Plot Summary : Richard Cadogan is a famous poet who reaches Oxford in the middle of the night on his holiday. While walking on Iffley road Cadogan notices a queer shop and when curiosity gets the better of him, he enters the shop to investigate. It turns out that the shop is a toy shop and above it are living compartments. Cadogan wants to check that nothing is amiss and ventures upstairs, to his horror he discovers the dead body of a woman lying on the floor. Cadogan tries to attempt a hasty retreat but is struck on the head and is rendered unconscious. When Cadogan wakes up he runs to the Police and narrates the peculiarities of last night. When Cadogan along with the Police arrive at the spot, they find that the shop is not a toy shop but a grocery shop and there is no dead body in the premises. The Police attribute Cadogan's fantastic story to the bump on his head and leave him to his fantasies.
Vexed and Confused Cadogan approaches the Oxford University Don Gervase Fen. Together the two of them get involved in a whirlwind murder mystery adventure.
Review: Edmund Crispin was the pseudonym of Bruce Montgomery who wrote nine crime fiction novels featuring the Oxford Don Gervase Fen, who is the professor of English at the St. Christopher's College(a fictional institute). The Moving Toyshop and other Fen Stories were often influenced by the master himself John Dickson Carr. So did Crispin do justice to Carr and the Impossible Crime Genre?
I have never read such an Impossible crime novel, it is funny, intelligent and rightly the most famous of Crispin's works. The book has no dull moment whatsoever. It is a fast paced, highy entertaining little piece of detective fiction.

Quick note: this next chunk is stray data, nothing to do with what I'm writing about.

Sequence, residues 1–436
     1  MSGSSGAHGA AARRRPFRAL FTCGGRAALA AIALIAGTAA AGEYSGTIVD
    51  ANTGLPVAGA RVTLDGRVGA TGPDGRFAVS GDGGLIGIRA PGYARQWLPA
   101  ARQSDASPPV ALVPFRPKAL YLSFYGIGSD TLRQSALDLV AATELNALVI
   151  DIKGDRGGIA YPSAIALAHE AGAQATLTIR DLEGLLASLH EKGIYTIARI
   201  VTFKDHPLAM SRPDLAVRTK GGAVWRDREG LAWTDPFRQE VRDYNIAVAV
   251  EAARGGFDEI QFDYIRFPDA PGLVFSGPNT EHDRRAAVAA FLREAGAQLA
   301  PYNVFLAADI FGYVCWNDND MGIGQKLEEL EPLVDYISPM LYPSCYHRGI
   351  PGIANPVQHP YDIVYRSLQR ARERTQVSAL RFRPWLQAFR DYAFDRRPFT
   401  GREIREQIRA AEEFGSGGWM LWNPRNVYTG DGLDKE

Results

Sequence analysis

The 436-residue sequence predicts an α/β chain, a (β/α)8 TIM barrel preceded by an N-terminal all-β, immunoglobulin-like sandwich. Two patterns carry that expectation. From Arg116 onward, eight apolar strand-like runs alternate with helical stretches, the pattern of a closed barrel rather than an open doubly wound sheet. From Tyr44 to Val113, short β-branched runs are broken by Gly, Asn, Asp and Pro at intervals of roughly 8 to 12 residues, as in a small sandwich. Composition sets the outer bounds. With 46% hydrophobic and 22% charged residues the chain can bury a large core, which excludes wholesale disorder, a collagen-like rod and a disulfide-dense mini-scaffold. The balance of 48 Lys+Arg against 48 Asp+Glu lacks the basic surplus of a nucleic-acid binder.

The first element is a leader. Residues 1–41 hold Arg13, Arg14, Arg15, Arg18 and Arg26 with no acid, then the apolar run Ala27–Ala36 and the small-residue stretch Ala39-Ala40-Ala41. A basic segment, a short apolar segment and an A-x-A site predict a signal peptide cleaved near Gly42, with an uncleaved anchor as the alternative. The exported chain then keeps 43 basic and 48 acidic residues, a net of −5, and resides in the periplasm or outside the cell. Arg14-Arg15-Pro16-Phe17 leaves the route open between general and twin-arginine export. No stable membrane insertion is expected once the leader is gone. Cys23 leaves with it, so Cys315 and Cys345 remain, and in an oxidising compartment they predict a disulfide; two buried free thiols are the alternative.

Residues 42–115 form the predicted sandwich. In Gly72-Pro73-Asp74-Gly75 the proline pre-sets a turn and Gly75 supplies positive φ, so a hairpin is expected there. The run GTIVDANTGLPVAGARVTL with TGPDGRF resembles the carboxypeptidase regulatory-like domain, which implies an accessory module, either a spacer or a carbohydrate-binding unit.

First of all the two protagonists Richard Cadogan and Gervase Fen are very unlikely and likable heroes, one is a poet and the other one is a English professor. The exchanges between the two intellectuals are instructive and at the same time entertaining. The book is filled with their literary quotes for the reader to enjoy and google. The middle aged duo keep involving other even more funnier characters as they go along.
For its ingenuity and different approach, I would put this one in the same league as Anthony Berkeley's The Case of the Poisoned Chocolates. Although the book is an ode to the Master, it is nothing like a Carr book. The Moving Toyshop is filled with ridiculous chase sequences, literary puzzles, highly intelligent and witty exchanges.
The Mystery of the moving toy shop is very well done and has a simple and logical explanation. Though why the murder was done in the way it was done is still a bit nebulous to me, perhaps the author became a bit too ambitious and stumbled a bit towards the end. I think considering the overall superlative quality of the book this is a small mistake which can be ignored. Even the identity of the murderer is well hidden and not easy to figure out among all the chaos and confusion.
The book even ends on a high note by quoting a brilliant para about women from the "The Rape of the Lock"
"With varying vanities from every part
They shift the moving toyshop of their heart..."
Strongly recommended. 4 out of 5 stars. I'm also submitting this as part of the Vintage Mystery Challenge 2012.
Where can you buy it? It's available online for about Rs 550.